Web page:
It is generally best to take blood from the earlobe since the ear is less pain-sensitive, its skin is thinner and it is easier to vasodilate (open) ear capillaries compared to finger capillaries. Usually only a single puncture in the ear is needed to provide blood samples for more than one reading. Also, there is less sweat on the earlobe than the fingers, thus less chance for sweat to contaminate the lactate reading. Finger-sticks are possible and are mainly what is used in the US.  If you have nobody to help take the blood, it is the only option. However the finger should be warm (to optimize blood flow) and very clean. The site should be washed with soap and water before lancing.  Also, collecting blood with a glass capillary tube before proceeding to the actual blood analysis improves the accuracy of the measure.

When to Take the Samples:

During a multiple step test a blood sample is taken immediately after every step. No second sample is needed, since one-minute rest is usually the most between steps.

For a protocol ending in a sub-maximal test (test ending with a lactate below 6 mmol/l but above 4 mmol/l), blood should be taken at 1 and possibly at 3 minutes after the exercise. It is unusual to need more than two samples after sub-maximal efforts.

For the interpretation of the tests in which the last stage is above threshold, the highest concentration of lactate after each effort should be used. In order to make sure you have the highest value, at least 2 samples at 2-minute intervals should be taken. As long as the latest measured lactate value remains higher than the previous measurement, you should keep taking more samples 2 minutes after the previous one.

After a maximal effort (an all-out effort between 30s and 90s), blood lactate can increase for several minutes because lactate distribution proceeds from inside the cell outward. Therefore, there is no point in taking the sample at 1 minute after the all-out effort. Rather, start blood sampling at 3 minutes. The next sample should occur at 5 minutes. As long as the last sample is higher than the previous, an extra sample must be taken in 2-minute time intervals. Three or more samples may be needed. Because triathletes usually have high aerobic capacities and low anaerobic capacities, they usually reach the highest post-exercise lactate concentration quickly at the first or second reading after a max test, but sometimes you are surprised by how much lactate they generate. Here are two charts that illustrate lactate build up during a step test and its subsequent decline.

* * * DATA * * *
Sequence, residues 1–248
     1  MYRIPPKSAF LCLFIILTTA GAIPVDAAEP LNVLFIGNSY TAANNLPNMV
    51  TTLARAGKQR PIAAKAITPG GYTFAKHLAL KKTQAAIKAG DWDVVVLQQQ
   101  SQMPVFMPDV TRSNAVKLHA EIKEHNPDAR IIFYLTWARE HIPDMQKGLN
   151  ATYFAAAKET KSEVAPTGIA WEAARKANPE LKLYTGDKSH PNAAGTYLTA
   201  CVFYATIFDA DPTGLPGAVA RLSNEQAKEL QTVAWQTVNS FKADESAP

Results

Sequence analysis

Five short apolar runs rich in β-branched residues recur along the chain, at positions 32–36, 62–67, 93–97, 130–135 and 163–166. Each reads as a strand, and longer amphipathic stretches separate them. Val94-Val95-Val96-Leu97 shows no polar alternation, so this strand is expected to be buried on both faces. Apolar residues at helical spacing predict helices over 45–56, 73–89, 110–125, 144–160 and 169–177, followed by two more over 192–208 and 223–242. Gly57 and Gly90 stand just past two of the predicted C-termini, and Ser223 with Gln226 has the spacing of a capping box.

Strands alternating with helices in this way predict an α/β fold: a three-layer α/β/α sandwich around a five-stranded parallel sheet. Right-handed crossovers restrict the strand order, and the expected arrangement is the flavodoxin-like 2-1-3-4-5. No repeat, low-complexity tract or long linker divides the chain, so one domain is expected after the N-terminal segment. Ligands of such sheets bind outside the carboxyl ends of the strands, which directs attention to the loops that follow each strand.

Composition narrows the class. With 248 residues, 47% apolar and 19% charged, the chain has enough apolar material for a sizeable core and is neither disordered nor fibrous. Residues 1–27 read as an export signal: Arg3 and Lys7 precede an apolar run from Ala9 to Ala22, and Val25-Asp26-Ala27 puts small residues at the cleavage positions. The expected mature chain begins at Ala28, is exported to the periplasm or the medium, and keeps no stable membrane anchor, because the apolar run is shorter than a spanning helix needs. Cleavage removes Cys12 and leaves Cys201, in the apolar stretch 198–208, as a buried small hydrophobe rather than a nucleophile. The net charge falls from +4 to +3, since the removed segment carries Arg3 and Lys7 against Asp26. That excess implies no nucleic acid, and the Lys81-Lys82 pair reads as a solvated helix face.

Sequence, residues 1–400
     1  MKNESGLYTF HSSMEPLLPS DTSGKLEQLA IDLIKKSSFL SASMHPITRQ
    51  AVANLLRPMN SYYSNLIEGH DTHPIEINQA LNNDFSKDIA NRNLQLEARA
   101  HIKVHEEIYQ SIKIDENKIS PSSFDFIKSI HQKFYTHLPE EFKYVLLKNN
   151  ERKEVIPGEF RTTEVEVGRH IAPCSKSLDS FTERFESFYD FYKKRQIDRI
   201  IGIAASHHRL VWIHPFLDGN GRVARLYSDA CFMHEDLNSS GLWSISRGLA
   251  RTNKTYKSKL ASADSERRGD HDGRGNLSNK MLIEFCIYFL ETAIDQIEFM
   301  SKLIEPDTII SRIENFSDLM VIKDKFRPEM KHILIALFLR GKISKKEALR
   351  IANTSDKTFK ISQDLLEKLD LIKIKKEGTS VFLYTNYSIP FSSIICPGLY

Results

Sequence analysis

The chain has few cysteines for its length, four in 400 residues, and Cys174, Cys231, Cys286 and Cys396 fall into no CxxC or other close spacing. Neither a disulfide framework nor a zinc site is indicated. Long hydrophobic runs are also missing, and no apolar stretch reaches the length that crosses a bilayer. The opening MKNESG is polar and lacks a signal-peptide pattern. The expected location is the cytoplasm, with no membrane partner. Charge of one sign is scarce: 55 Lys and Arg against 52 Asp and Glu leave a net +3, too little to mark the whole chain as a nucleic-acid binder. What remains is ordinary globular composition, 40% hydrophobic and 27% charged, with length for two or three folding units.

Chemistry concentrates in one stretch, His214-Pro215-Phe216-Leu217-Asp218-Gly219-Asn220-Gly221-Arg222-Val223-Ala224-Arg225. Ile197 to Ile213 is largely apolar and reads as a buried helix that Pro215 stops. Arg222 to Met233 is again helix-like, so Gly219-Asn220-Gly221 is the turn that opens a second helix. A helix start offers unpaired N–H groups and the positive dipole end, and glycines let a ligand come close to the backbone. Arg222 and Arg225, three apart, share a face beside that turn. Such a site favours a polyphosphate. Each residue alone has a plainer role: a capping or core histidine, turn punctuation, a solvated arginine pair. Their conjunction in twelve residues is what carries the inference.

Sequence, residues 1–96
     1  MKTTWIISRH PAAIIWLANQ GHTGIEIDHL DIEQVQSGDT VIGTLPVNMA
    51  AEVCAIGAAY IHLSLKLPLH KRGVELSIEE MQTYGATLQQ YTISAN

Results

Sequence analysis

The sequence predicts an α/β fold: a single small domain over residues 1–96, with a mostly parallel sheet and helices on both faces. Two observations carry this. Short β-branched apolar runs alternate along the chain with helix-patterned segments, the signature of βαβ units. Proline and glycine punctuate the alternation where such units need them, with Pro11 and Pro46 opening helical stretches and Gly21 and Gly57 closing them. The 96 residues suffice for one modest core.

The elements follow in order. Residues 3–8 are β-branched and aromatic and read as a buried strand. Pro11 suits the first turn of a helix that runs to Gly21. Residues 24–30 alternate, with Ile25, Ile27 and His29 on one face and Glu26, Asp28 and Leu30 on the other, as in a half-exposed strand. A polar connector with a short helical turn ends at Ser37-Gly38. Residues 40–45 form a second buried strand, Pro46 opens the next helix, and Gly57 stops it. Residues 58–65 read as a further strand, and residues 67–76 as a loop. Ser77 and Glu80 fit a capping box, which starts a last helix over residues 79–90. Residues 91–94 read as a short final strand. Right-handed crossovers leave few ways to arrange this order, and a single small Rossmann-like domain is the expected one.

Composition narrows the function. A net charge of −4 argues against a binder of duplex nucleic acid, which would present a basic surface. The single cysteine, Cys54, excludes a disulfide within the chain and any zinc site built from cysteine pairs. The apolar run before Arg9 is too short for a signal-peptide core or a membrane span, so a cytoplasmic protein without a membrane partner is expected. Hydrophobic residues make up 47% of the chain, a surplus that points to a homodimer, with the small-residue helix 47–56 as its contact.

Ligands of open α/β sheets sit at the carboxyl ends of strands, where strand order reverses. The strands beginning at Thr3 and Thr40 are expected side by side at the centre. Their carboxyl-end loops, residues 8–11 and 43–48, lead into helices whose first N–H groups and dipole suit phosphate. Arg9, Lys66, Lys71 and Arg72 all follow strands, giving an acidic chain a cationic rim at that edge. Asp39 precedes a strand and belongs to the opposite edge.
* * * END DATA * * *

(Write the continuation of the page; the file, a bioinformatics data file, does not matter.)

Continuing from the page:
Lactate in muscles and blood during a step test

Lactate in muscles and blood during a step test

The muscle lactate is the green line and blood lactate is the yellow line. Notice the muscle lactate at the cessation of exercise. It is considerably higher than the blood lactate and this means that the blood lactate will continue to rise till the two are in equilibrium.

muscle and blood lactate levels during recovery from a step test

muscle and blood lactate levels during recovery from a step test

The blood lactate curve only starts to drop after about 7 minutes. This will vary substantially by athlete. Here are the recovery curves for four elite swimmers. Most of these athletes are much more anaerobic than triathletes, but the chart indicates what one can expect from some all-out efforts. This was after 100 m in their strongest stroke.

elite swimmers lactate recovery curves

elite swimmers lactate recovery curves

There are some situations where you can skip taking more than one sample:

  • sub-maximal effort for recreational athlete

  • control test after a set at nearly constant, sub-maximal speed and lasting for longer than 10 minutes

Continue on to Module 10 which discussess specific protocols for testing triathletes and their interpretation

Module 10 of 19- specific protocols for testing triathletes and their interpretation